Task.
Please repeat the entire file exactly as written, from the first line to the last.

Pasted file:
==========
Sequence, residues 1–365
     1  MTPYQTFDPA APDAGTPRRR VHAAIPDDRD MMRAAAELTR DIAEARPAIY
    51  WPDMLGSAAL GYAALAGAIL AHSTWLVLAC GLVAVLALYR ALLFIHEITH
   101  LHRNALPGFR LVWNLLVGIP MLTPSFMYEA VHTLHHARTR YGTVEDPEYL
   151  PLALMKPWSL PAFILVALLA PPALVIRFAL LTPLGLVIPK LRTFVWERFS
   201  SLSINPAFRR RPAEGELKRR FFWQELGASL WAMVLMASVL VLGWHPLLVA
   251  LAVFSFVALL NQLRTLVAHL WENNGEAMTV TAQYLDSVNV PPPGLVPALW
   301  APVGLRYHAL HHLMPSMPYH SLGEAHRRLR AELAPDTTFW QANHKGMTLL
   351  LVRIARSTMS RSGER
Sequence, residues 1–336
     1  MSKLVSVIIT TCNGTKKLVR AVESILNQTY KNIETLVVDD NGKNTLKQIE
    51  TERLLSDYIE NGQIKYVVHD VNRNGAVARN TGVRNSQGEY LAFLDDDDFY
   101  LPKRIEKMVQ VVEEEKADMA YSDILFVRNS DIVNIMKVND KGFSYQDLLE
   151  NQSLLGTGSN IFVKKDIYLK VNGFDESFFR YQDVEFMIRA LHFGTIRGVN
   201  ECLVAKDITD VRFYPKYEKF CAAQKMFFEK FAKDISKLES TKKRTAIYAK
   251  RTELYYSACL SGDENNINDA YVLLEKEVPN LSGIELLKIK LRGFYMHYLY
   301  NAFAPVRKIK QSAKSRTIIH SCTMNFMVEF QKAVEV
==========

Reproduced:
Sequence, residues 1–365
     1  MTPYQTFDPA APDAGTPRRR VHAAIPDDRD MMRAAAELTR DIAEARPAIY
    51  WPDMLGSAAL GYAALAGAIL AHSTWLVLAC GLVAVLALYR ALLFIHEITH
   101  LHRNALPGFR LVWNLLVGIP MLTPSFMYEA VHTLHHARTR YGTVEDPEYL
   151  PLALMKPWSL PAFILVALLA PPALVIRFAL LTPLGLVIPK LRTFVWERFS
   201  SLSINPAFRR RPAEGELKRR FFWQELGASL WAMVLMASVL VLGWHPLLVA
   251  LAVFSFVALL NQLRTLVAHL WENNGEAMTV TAQYLDSVNV PPPGLVPALW
   301  APVGLRYHAL HHLMPSMPYH SLGEAHRRLR AELAPDTTFW QANHKGMTLL
   351  LVRIARSTMS RSGER
Sequence, residues 1–336
     1  MSKLVSVIIT TCNGTKKLVR AVESILNQTY KNIETLVVDD NGKNTLKQIE
    51  TERLLSDYIE NGQIKYVVHD VNRNGAVARN TGVRNSQGEY LAFLDDDDFY
   101  LPKRIEKMVQ VVEEEKADMA YSDILFVRNS DIVNIMKVND KGFSYQDLLE
   151  NQSLLGTGSN IFVKKDIYLK VNGFDESFFR YQDVEFMIRA LHFGTIRGVN
   201  ECLVAKDITD VRFYPKYEKF CAAQKMFFEK FAKDISKLES TKKRTAIYAK
   251  RTELYYSACL SGDENNINDA YVLLEKEVPN LSGIELLKIK LRGFYMHYLY
   301  NAFAPVRKIK QSAKSRTIIH SCTMNFMVEF QKAVEV